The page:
12. ICCT – International Council on Clean Transportation (2015) European Vehicle Market Statistics, 2015–2016. Accessed 31 Jan 2019
  13. Kleindorfer PR, Singhal K, Van Wassenhove LN (2005) Sustainable operations management. Prod Oper Manag 14(4):482–492CrossRefGoogle Scholar
  14. Martinuzzi A, Kudlak R, Faber C, Wiman A (2011) CSR Activities and Impacts of the Automotive Sector. RIMAS Working Paper No. 3/2011. Vienna University of Economics and Business, Research Institute for Managing Sustainability, Vienna, Austria. Accessed 31 Jan 2019
  15. Menzel V, Smagin J, David F (2010) Can companies profit from greener manufacturing? Meas Bus Excell 14(2):22–31CrossRefGoogle Scholar
  16. Mildenberger U, Khare A (2000) Planning for an environment-friendly car. Technovation 20(4):205–214CrossRefGoogle Scholar
  17. Nunes B, Bennett D (2010) Green operations initiatives in the automotive industry: an environmental reports analysis and benchmarking study. Benchmarking 17(3):396–420CrossRefGoogle Scholar
  18. OICA – International Organization of Motor Vehicle Manufacturers (2019) 2016 Production Statistics. Accessed 31 Jan 2019
  19. Orsato RJ (2009) Sustainability strategies: when does it pay to be green? Palgrave Macmillan, Houndmills, Basingstoke, HampshireCrossRefGoogle Scholar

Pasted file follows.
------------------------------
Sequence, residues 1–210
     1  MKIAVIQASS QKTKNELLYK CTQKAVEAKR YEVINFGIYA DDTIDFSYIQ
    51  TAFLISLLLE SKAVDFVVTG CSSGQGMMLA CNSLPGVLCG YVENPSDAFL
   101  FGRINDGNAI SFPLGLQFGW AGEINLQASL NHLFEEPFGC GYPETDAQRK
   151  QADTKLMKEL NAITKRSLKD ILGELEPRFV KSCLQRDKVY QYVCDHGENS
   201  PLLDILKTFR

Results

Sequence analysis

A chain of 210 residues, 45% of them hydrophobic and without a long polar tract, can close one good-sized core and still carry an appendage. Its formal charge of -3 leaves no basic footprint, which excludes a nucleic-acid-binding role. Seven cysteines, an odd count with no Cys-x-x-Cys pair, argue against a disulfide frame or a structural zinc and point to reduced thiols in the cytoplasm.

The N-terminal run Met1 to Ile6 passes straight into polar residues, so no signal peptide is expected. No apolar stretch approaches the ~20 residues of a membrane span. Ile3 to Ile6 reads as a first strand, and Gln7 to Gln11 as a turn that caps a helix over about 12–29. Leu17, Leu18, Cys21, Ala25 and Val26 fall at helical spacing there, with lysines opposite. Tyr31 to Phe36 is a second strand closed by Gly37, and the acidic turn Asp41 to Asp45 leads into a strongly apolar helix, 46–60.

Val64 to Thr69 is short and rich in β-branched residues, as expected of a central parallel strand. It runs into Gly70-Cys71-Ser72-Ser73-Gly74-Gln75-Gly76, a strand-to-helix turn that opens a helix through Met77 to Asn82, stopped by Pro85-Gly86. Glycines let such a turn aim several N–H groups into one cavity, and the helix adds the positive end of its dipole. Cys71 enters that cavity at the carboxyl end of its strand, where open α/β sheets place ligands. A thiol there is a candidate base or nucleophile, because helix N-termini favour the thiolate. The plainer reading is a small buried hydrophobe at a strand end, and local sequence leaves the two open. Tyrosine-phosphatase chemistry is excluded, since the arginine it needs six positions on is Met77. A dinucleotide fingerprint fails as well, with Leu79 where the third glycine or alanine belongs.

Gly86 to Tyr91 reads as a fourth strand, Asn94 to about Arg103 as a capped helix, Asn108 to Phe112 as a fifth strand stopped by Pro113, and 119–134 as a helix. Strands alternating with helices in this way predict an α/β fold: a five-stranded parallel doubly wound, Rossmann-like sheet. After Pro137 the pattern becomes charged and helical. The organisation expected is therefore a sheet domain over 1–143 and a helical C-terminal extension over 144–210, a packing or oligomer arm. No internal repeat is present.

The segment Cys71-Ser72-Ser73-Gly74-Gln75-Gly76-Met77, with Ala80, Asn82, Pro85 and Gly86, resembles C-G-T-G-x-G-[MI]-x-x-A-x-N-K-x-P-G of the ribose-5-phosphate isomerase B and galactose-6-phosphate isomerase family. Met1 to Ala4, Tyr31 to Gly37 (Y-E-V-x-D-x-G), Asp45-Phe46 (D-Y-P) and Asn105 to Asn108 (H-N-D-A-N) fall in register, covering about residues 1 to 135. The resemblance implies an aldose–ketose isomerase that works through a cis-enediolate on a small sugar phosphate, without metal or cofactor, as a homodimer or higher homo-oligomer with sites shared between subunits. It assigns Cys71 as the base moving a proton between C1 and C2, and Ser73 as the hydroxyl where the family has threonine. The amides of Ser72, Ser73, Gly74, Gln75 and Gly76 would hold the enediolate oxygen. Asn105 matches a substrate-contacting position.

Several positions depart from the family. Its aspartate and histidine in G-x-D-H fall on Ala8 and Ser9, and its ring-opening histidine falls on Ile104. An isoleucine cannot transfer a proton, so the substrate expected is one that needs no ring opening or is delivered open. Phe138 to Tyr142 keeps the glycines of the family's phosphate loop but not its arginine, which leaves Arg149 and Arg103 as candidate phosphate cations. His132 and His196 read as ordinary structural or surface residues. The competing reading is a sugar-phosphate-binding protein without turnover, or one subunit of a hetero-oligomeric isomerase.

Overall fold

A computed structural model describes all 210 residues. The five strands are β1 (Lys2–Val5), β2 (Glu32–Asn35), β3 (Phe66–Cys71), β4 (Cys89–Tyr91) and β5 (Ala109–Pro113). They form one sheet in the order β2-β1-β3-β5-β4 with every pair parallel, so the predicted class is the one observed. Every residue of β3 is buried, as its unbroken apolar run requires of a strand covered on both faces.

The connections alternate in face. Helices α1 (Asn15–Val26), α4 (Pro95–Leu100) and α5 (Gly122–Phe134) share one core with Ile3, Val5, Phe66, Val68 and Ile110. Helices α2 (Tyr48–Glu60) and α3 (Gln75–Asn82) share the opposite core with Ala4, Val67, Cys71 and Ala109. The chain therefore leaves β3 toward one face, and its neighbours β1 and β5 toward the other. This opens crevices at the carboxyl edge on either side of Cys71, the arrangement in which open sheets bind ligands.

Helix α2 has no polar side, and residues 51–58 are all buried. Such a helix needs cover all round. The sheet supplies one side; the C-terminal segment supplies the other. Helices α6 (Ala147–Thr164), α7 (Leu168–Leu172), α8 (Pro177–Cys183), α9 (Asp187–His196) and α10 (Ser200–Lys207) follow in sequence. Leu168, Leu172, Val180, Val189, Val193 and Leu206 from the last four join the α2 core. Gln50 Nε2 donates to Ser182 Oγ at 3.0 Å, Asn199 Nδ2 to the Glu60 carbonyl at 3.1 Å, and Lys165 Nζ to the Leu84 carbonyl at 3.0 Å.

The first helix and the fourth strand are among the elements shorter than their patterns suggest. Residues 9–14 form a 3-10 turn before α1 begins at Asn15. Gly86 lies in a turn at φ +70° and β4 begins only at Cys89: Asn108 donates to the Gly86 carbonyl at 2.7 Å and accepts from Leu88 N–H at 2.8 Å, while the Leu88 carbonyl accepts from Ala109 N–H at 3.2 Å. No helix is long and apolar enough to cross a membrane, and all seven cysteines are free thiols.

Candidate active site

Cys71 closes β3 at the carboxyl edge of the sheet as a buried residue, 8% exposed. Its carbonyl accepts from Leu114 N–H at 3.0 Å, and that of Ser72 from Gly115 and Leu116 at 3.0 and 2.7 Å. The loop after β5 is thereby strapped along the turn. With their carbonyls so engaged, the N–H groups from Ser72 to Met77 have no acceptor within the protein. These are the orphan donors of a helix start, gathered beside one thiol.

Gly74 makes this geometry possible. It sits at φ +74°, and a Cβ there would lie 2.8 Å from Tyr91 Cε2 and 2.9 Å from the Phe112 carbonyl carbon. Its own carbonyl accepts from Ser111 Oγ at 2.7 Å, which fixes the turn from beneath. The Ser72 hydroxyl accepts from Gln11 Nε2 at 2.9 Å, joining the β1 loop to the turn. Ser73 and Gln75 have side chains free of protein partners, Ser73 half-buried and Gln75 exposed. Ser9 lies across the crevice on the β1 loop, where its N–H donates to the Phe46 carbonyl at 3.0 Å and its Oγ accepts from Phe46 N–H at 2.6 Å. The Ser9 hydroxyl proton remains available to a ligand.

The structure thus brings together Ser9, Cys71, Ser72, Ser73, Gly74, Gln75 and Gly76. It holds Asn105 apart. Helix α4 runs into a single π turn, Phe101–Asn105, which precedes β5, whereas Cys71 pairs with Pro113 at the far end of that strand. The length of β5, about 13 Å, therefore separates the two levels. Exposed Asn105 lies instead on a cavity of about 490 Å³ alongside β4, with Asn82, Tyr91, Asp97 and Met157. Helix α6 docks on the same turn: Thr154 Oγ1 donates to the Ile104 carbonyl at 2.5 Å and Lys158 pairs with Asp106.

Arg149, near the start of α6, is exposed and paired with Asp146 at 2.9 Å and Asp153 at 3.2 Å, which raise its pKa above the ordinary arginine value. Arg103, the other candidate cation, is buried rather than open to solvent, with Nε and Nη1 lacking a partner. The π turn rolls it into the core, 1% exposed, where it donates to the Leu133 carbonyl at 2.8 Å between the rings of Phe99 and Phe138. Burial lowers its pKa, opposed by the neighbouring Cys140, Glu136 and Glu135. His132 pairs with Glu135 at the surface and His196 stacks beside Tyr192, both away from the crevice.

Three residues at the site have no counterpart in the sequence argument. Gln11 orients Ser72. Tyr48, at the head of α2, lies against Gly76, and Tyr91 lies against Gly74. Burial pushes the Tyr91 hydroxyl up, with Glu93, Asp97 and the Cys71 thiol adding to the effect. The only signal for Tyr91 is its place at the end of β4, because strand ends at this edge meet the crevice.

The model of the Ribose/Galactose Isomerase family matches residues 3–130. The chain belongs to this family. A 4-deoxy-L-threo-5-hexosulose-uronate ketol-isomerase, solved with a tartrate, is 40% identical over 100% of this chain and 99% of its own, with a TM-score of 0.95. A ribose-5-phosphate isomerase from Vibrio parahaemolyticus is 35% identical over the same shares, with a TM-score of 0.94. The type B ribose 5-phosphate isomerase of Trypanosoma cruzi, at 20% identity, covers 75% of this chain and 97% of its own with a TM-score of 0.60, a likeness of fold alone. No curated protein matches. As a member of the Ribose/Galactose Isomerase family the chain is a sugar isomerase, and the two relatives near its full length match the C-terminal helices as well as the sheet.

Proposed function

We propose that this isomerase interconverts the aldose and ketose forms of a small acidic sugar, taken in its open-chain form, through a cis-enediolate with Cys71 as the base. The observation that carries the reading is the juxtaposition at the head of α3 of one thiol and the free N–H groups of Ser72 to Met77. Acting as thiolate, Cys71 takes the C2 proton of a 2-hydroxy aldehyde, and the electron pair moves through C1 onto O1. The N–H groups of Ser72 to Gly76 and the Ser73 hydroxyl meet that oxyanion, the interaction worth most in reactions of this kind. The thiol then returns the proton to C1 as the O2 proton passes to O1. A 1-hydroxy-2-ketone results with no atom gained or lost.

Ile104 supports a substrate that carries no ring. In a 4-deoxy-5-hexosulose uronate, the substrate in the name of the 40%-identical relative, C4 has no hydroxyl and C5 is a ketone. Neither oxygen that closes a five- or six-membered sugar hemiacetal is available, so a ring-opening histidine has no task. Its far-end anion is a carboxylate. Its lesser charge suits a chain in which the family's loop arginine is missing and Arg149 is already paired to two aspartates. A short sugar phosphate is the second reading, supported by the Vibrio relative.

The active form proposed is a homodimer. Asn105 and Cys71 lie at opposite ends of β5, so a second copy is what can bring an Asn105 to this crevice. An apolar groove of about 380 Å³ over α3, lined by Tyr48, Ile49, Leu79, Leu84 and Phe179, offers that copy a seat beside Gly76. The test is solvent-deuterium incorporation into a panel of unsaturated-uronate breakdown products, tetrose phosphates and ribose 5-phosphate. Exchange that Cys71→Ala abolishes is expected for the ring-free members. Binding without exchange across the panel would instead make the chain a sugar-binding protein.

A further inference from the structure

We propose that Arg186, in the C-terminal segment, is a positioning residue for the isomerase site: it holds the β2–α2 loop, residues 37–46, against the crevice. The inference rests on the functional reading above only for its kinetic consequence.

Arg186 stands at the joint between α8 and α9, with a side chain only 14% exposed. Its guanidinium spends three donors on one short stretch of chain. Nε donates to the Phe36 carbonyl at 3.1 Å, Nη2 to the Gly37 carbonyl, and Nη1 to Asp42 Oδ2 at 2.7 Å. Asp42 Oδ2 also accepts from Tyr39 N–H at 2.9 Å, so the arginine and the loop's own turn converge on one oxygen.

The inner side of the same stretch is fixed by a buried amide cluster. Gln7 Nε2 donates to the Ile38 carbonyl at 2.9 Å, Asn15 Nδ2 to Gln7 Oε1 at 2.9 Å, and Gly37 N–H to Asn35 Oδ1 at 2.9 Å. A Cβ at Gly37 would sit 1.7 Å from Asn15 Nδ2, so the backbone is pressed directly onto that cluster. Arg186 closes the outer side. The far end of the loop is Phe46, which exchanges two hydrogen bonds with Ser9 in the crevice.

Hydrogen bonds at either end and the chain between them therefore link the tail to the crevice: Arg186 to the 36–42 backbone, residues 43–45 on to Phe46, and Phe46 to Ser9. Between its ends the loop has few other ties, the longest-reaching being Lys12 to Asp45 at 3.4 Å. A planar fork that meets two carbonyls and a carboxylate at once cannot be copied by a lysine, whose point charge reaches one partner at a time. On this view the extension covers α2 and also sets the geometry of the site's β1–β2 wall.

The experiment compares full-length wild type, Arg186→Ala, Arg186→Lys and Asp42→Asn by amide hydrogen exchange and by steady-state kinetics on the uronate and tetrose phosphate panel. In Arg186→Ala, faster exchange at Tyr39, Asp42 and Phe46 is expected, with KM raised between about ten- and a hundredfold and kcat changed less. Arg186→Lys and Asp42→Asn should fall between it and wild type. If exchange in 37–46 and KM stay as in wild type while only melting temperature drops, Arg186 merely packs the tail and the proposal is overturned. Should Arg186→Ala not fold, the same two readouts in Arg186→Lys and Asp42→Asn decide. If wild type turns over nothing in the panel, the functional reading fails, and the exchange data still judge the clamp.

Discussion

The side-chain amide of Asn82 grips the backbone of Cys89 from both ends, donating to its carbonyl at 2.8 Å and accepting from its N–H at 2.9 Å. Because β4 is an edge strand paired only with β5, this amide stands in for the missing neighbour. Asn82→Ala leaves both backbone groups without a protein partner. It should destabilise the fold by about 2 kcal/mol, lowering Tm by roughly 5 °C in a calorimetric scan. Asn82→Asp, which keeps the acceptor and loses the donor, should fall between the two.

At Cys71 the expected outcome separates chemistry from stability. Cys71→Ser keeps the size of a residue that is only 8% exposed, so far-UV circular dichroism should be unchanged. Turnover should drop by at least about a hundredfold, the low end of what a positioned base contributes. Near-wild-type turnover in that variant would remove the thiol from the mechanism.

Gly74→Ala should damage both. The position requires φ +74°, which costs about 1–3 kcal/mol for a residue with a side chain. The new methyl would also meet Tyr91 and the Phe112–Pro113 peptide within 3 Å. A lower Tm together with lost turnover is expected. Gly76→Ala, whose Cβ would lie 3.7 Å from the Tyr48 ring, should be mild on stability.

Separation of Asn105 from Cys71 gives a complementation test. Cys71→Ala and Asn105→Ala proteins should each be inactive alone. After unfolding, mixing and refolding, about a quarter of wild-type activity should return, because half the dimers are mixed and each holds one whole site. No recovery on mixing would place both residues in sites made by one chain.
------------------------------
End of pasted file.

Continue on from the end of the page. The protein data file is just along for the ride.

20. Orsato RJ, Wells P (2007) U-turn: the rise and demise of the automobile industry. J Clean Prod 15(11–12):994–1006CrossRefGoogle Scholar
  21. Porter ME (1998) Competitive advantage: creating and sustaining superior performance: with a new introduction. Free Press, New YorkGoogle Scholar
  22. Poynton S (2015) Beyond Certification. Dō Sustainability, Oxford. Accessed 30 Aug 2019
  23. Sarkis J (1998) Evaluating environmentally conscious business practices. Eur J Oper Res 107(1):159–174CrossRefGoogle Scholar
  24. Sedgwick D (2013) Global industry craves megasuppliers. In: Top Suppliers: North America, Europe and the World, Supplement to Automotive News, June 17, 2013, p. 3. Accessed 31 Jan 2019
  25. TMNA – Toyota Motor North America, Inc. (2016) Toyota Green Purchasing Guidelines. September 30, 2016. Accessed 31 Jan 2019
  26. Toyota (2016a) Sustainability Data Book 2016. Accessed 31 Jan 2019
  27. Toyota (2016b) Toyota Green Purchasing Guidelines. Accessed 31 Jan 2019
  28. Volkswagen AG (2014) Sharing the challenge: sustainability in supplier relations. Accessed 31 Jan 2019
  29. Volkswagen AG (2015) Sustainability Report 2014. Volkswagen AG, Wolfsburg. Accessed 31 Jan 2019
  30. Volkswagen AG (2016) Volkswagen Group requirements regarding sustainability in its relationships with business partners (Code of Conduct for Business Partners). Accessed 31 Jan 2019
  31. Volkswagen AG (2018) Empowering Transformation: Sustainability Report 2017. Volkswagen AG, Group Sustainability, Wolfsburg. Accessed 31 Jan 2019
  32. WRI, WBCSD – World Resources Institute, World Business Council for Sustainable Development (2011) Corporate Value Chain (Scope 3) Accounting and Reporting Standard: Supplement to the GHG Protocol Corporate Accounting and Reporting Standard. Accessed 31 Jan 2019

Copyright information

© Springer Nature Switzerland AG 2019

Authors and Affiliations

  1. 1.EcoVadisParisFrance

Personalised recommendations